# Algebraic Data Types

The `enum` concept is general enough to also support algebraic data types (ADTs) and their generalized version (GADTs). Here is an example how an `Option` type can be represented as an ADT:

``````enum Option[+T]:
case Some(x: T)
case None
``````

This example introduces an `Option` enum with a covariant type parameter `T` consisting of two cases, `Some` and `None`. `Some` is parameterized with a value parameter `x`. It is a shorthand for writing a case class that extends `Option`. Since `None` is not parameterized, it is treated as a normal enum value.

The `extends` clauses that were omitted in the example above can also be given explicitly:

``````enum Option[+T]:
case Some(x: T) extends Option[T]
case None       extends Option[Nothing]
``````

Note that the parent type of the `None` value is inferred as `Option[Nothing]`. Generally, all covariant type parameters of the enum class are minimized in a compiler-generated `extends` clause whereas all contravariant type parameters are maximized. If `Option` was non-variant, you would need to give the extends clause of `None` explicitly.

As for normal enum values, the cases of an `enum` are all defined in the `enum`s companion object. So it's `Option.Some` and `Option.None` unless the definitions are "pulled out" with an import:

``````scala> Option.Some("hello")
val res1: t2.Option[String] = Some(hello)

scala> Option.None
val res2: t2.Option[Nothing] = None
``````

Note that the type of the expressions above is always `Option`. Generally, the type of a enum case constructor application will be widened to the underlying enum type, unless a more specific type is expected. This is a subtle difference with respect to normal case classes. The classes making up the cases do exist, and can be unveiled, either by constructing them directly with a `new`, or by explicitly providing an expected type.

``````scala> new Option.Some(2)
val res3: Option.Some[Int] = Some(2)
scala> val x: Option.Some[Int] = Option.Some(3)
val res4: Option.Some[Int] = Some(3)
``````

As all other enums, ADTs can define methods. For instance, here is `Option` again, with an `isDefined` method and an `Option(...)` constructor in its companion object.

``````enum Option[+T]:
case Some(x: T)
case None

def isDefined: Boolean = this match
case None => false
case _    => true

object Option:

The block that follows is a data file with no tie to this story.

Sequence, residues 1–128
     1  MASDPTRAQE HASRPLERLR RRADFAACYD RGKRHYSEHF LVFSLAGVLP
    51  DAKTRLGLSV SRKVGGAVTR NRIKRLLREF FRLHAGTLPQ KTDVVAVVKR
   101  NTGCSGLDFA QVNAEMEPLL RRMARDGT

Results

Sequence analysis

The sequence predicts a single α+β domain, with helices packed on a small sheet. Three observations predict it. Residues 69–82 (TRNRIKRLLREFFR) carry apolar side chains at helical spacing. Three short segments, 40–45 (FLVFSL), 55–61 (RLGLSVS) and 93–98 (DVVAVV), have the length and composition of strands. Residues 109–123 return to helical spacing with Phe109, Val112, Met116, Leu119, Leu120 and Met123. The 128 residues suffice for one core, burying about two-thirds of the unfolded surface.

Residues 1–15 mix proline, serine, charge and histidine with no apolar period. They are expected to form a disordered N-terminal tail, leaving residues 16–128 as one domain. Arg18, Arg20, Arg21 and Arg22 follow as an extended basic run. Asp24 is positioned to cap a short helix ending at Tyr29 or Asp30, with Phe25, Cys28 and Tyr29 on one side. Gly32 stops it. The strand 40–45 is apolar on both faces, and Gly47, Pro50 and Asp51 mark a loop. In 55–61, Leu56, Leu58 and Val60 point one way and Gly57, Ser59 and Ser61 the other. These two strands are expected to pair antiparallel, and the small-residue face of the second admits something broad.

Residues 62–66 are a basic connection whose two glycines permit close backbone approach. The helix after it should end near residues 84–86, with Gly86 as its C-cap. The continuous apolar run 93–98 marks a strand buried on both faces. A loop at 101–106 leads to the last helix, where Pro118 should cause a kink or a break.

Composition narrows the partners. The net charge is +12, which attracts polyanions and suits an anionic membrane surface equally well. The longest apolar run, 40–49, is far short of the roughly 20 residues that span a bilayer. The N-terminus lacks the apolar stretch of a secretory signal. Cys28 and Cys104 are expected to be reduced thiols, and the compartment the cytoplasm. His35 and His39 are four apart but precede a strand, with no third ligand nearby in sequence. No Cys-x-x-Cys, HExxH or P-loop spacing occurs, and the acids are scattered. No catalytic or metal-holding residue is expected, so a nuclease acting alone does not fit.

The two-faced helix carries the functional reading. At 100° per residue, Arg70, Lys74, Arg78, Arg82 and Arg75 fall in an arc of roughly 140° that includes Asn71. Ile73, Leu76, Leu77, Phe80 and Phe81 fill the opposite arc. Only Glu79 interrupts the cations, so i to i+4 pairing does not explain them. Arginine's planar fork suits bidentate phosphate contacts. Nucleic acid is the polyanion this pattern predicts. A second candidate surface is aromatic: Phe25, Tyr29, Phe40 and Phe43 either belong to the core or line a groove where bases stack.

def apply[T >: Null](x: T): Option[T] =
if x == null then None else Some(x)

end Option
``````

Enumerations and ADTs have been presented as two different concepts. But since they share the same syntactic construct, they can be seen simply as two ends of a spectrum and it is perfectly possible to construct hybrids. For instance, the code below gives an implementation of `Color` either with three enum values or with a parameterized case that takes an RGB value.

``````enum Color(val rgb: Int):
case Red   extends Color(0xFF0000)
case Green extends Color(0x00FF00)
case Blue  extends Color(0x0000FF)
case Mix(mix: Int) extends Color(mix)
``````

### Parameter Variance of Enums

By default, parameterized cases of enums with type parameters will copy the type parameters of their parent, along with any variance notations. As usual, it is important to use type parameters carefully when they are variant, as shown below:

The following `View` enum has a contravariant type parameter `T` and a single case `Refl`, representing a function mapping a type `T` to itself:

``````enum View[-T]:
case Refl(f: T => T)
``````

The definition of `Refl` is incorrect, as it uses contravariant type `T` in the covariant result position of a function type, leading to the following error:

``````-- Error: View.scala:2:12 --------
2 |   case Refl(f: T => T)
|             ^^^^^^^^^
|contravariant type T occurs in covariant position in type T => T of value f
|enum case Refl requires explicit declaration of type T to resolve this issue.
``````

Because `Refl` does not declare explicit parameters, it looks to the compiler like the following:

``````enum View[-T]:
case Refl[/*synthetic*/-T1](f: T1 => T1) extends View[T1]
``````

The compiler has inferred for `Refl` the contravariant type parameter `T1`, following `T` in `View`. We can now clearly see that `Refl` needs to declare its own non-variant type parameter to correctly type `f`, and can remedy the error by the following change to `Refl`:

``````enum View[-T]:
-  case Refl(f: T => T)
+  case Refl[R](f: R => R) extends View[R]
``````

Above, type `R` is chosen as the parameter for `Refl` to highlight that it has a different meaning to type `T` in `View`, but any name will do.

After some further changes, a more complete implementation of `View` can be given as follows and be used as the function type `T => U`:

``````enum View[-T, +U] extends (T => U):
case Refl[R](f: R => R) extends View[R, R]

final def apply(t: T): U = this match
case refl: Refl[r] => refl.f(t)
``````

### Syntax of Enums

Changes to the syntax fall in two categories: enum definitions and cases inside enums. The changes are specified below as deltas with respect to the Scala syntax given here

1. Enum definitions are defined as follows:

``````TmplDef   ::=  `enum' EnumDef
EnumDef   ::=  id ClassConstr [`extends' [ConstrApps]] EnumBody
EnumBody  ::=  [nl] ‘{’ [SelfType] EnumStat {semi EnumStat} ‘}’
EnumStat  ::=  TemplateStat
|  {Annotation [nl]} {Modifier} EnumCase
``````
2. Cases of enums are defined as follows:

``````EnumCase  ::=  `case' (id ClassConstr [`extends' ConstrApps]] | ids)
``````

### Reference

For more information, see Issue #1970.